Kavanaugh offered two reasons why the plurality’s decision was incorrect. First, he argued that the term “against the person of another” — the phrase that the plurality held meant that a violent felony required a targeted action — is a term of art and had nothing to do with a person’s state of mind. Instead, Congress’ use of “against the person of another” was only meant to distinguish between other types of crimes, like “crimes against property.” By including “against the person of another,” Congress was signaling the type of crimes applicable under the ACCA.
Kavanaugh’s second reason for dissenting was that he believed that the ordinary meaning of the elements clause includes reckless conduct. After defining intentional/purposeful, knowing, and reckless conduct, Kavanaugh clarified that the differences between recklessness and knowledge were “thin” and that recklessness is the accepted minimum mens rea for criminal liability. Congress would have been explicit had it intended to exclude recklessness under the ACCA, he continued.
Next, Kavanaugh took issue with the plurality’s analysis in Voisine and Leocal. He noticed that the court expressly included “against a domestic relation” language when it was describing the statute in Voisine, even though the plurality now claimed that phrasing did not exist. To Kavanaugh, the addition of that phrase in the Voisine opinion meant the court understood the ordinary meaning included reckless conduct against a person. The meaning of the statutory provision in Voisine and the ACCA were the same, even if the wording were different, Kavanaugh argued.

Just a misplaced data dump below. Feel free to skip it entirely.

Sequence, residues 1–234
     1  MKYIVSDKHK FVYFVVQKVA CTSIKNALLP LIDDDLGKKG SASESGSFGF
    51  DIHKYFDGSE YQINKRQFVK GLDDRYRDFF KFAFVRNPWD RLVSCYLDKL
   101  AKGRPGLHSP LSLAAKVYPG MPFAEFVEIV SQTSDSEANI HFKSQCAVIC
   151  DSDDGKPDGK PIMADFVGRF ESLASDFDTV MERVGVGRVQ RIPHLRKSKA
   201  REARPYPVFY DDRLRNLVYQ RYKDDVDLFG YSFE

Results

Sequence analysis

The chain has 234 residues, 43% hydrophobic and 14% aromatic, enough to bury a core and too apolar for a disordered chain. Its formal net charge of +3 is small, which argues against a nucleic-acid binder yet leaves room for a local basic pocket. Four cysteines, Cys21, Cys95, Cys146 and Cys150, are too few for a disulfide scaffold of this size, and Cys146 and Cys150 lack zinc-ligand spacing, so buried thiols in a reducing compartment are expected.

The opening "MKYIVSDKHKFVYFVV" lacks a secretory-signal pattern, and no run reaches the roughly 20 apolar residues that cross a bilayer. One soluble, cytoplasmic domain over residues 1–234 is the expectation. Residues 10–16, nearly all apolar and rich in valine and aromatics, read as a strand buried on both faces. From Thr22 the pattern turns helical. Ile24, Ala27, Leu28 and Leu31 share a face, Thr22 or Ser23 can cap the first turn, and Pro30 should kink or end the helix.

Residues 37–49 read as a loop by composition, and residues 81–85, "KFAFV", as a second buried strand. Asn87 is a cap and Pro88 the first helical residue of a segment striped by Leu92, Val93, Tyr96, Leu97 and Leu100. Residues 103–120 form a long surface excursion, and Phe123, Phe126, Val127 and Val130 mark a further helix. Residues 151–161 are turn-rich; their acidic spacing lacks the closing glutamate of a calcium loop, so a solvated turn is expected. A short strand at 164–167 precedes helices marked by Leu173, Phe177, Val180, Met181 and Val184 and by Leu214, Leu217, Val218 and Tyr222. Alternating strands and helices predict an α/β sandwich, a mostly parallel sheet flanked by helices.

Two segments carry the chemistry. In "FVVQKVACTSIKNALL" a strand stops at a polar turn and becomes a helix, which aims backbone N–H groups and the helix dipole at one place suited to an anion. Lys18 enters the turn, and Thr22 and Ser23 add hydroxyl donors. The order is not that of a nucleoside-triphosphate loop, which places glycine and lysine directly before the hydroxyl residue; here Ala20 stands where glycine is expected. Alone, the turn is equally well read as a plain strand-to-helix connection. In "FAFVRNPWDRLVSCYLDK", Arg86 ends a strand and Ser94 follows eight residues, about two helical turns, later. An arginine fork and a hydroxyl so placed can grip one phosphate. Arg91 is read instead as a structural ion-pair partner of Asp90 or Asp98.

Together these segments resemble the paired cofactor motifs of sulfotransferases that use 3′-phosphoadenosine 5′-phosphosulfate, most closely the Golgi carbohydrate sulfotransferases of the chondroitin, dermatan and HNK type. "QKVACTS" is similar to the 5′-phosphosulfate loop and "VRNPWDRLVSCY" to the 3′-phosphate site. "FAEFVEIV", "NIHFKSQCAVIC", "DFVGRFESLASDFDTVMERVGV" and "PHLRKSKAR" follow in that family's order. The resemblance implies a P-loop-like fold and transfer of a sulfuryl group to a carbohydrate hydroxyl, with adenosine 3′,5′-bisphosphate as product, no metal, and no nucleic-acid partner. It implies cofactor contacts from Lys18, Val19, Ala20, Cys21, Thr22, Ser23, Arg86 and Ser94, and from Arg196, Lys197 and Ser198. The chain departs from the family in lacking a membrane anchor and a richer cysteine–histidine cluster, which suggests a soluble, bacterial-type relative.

While Leocal’s analysis included “against the person or property of another” statutory language, Kavanaugh explained, the court only addressed whether negligent conduct was a crime of violence. Leocal did not determine whether recklessness was applicable, he stressed.
Lastly, Kavanaugh posited that the ACCA’s context and purpose warrant including recklessness into the elements clause. He noted that reckless assaults and reckless homicides are violent crimes for which people should be punished if they are convicted of such offenses three prior times. Kavanaugh seemed concerned that the plurality’s reading of the ACCA stemmed from the justices’ dissatisfaction with mandatory minimums.
Kavanaugh concluded his dissent by listing the collateral consequences he predicts will arise from the court’s holding. He warned that the ACCA will not punish seriously violent crimes, including second-degree murder and manslaughter; attempts and threats will be included in the ACCA, but not completed reckless assaults and reckless homicides; people will seek to have their sentences reviewed if the sentencing court relied on Voisine to include reckless offenses; people will be released from prison earlier than Congress intended; and those who are released early will commit new crimes at a high rate than other individuals.
Ultimately, the holding in Borden is that crimes of recklessness are now excluded from the ACCA’s elements clause because of the combination of Kagan’s plurality decision and Thomas’ concurrence in judgment. ACCA cases before the court, however, are not likely over. Both Kagan’s plurality opinion and Kavanaugh’s dissent seemed to name a future mens rea controversy for the court: extreme recklessness. While Kagan reserved judgment on the question of whether extreme recklessness was applicable under the ACCA, Kavanaugh was unequivocal in his belief that the ACCA incorporated that state of mind.